“The relief of a direction to restrain the Judge from discharging judicial functions cannot be granted…. Since the Constitutional scheme is that the Judge’s conduct cannot be discussed even in the Parliament which is given the substantive power of removal, till the alleged misconduct or incapacity is proved in accordance with the law enacted for this purpose, it is difficult to accept that any such discussion on the conduct of the Judge or any evaluation or inference as to its merit is permissible according to law elsewhere except during investigation before the Inquiry Committee constituted under the statute for this purpose. Therefore, it is difficult to accept that there can be any right in anyone running parallel with the Constitutional scheme for this purpose contained in clauses (4) and (5) of Article 124 read with Article 121. No authority can do what the Constitution by necessary implication forbids.
“The question of propriety is, however, different from that of legality. Whether the Judge should continue to function during the intervening period is to be covered by the sense of propriety of the concerned Judge himself and the judicial tradition symbolised by the views of the CJI. It should be expected that the Judge would be guided in such a situation by the advice of the CJI, as a matter of convention, unless he himself decided as an act of propriety to abstain from discharging judicial functions during the interregnum. It is reasonable to assume that the framers of the Constitution had assumed that a desirable convention would be followed by a Judge in that situation which would not require the exercise of a power of suspension.
“It would also be reasonable to assume that the CJI is expected to find a desirable solution in such a situation to avoid embarrassment to the concerned Judge and to the Institution in a manner which is conducive to the independence of judiciary and should the CJI be of the view that in the interests of the institution of judiciary, it is desirable for the Judge to abstain from judicial work till the final outcome under Article 124(4), he would advise the Judge accordingly, and the concerned Judge would ordinarily abide by the advice of the CJI. All this is, however, in the sphere of propriety and not a matter of legal authority to permit any court to issue any legal directive to the CJI for this purpose.”
The bench made a clear distinction between the plea for restraining the judge and the expectation that the judge concerned should voluntarily desist from performing judicial work when allegations against him are being examined by the committee set up for the purpose. The bench observed:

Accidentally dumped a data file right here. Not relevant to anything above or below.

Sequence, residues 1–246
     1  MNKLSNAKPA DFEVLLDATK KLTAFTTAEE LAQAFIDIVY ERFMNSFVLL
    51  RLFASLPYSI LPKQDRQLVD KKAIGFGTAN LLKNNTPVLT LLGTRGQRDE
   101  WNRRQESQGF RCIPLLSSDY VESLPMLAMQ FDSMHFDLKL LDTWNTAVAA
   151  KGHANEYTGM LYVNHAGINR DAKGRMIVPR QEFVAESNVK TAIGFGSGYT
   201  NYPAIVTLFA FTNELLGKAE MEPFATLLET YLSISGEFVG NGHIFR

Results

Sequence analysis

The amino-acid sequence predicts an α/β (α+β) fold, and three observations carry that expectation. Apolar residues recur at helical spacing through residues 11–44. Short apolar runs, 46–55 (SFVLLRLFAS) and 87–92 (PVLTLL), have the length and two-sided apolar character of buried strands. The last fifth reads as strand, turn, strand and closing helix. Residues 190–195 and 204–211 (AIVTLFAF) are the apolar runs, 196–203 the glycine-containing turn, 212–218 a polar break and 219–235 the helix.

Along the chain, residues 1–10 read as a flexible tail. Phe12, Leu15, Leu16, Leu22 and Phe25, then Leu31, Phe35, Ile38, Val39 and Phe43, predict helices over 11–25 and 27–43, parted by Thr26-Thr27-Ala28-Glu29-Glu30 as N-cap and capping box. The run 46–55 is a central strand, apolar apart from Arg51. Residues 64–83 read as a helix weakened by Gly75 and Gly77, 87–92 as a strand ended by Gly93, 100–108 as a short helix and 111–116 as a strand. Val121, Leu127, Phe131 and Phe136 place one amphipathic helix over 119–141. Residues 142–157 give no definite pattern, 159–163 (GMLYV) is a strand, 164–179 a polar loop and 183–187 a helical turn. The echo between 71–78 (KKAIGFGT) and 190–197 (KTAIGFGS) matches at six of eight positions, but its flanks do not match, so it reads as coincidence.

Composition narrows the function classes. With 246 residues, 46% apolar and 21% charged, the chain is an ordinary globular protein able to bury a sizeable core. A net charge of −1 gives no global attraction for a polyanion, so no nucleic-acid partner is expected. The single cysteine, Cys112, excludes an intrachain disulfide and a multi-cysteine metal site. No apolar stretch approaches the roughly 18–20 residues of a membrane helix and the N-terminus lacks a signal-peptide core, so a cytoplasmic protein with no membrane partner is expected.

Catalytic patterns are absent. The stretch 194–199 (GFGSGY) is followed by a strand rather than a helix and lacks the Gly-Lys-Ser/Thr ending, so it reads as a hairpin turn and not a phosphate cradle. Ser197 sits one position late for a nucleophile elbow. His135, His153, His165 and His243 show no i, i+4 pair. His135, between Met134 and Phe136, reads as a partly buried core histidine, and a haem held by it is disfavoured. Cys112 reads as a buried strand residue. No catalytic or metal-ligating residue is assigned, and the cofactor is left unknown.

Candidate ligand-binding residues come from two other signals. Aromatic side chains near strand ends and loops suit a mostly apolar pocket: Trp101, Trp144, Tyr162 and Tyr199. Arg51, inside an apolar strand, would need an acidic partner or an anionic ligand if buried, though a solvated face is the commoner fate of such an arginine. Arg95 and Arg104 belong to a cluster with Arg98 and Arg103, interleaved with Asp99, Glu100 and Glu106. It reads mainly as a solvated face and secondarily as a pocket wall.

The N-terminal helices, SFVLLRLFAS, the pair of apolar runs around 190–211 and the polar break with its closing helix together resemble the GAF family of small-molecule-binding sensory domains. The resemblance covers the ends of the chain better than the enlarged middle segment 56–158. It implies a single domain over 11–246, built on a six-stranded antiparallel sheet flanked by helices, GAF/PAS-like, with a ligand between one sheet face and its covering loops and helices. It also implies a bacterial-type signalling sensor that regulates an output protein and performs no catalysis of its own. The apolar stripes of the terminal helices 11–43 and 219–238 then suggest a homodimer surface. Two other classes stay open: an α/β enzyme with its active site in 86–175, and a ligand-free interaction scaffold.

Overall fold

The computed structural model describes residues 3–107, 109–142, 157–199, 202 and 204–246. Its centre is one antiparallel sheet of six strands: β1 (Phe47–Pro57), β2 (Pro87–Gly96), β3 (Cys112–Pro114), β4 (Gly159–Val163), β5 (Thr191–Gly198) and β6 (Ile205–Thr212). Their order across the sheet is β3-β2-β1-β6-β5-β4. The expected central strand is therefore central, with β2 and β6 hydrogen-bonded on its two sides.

“Certain submissions advanced in the prayer seeking to restrain the Judge from functioning till the proceedings of the committee were concluded lacked as much in propriety as in dignity and courtesy with which the Judge is entitled.
In the event of the charges being found baseless or insufficient to establish any moral turpitude, the Judge does not suffer irreparably in the very process.
The approach should not incur the criticism that it was calculated to expose an able and courteous Judge to public indignity even before the allegations were examined by the forum constitutionally competent to do so.
The constitutional protection to Judges is not for their personal benefit; but is one of the means of protecting the judiciary and its independence and is, therefore, in the larger public interest.”
The last sentence in the above passage is prescient in that the CJI Ranjan Gogoi is now facing the criticism of having used the constitutional protection to judges for his personal benefit by constituting a bench comprising himself and two of his chosen judges to sit last Saturday, to defend himself against the allegations levelled by a former employee.
It is, therefore, debatable whether CJI Gogoi has lost the right to “constitutional protection” discussed in the above judgment by virtue of his questionable conduct.
In a sense, CJI Gogoi faces two allegations – one of personal misconduct, unconnected with his judicial work, and the other directly impinging on his judicial competence, as shown by the Saturday hearing by the bench presided by him.
While the S.A. Bobde committee has been entrusted with the task of examining the allegations of sexual misconduct against the CJI, the judicial misconduct evident from the Saturday hearing also needs to be separately probed by an in-house committee to establish his fitness to continue in office as the CJI.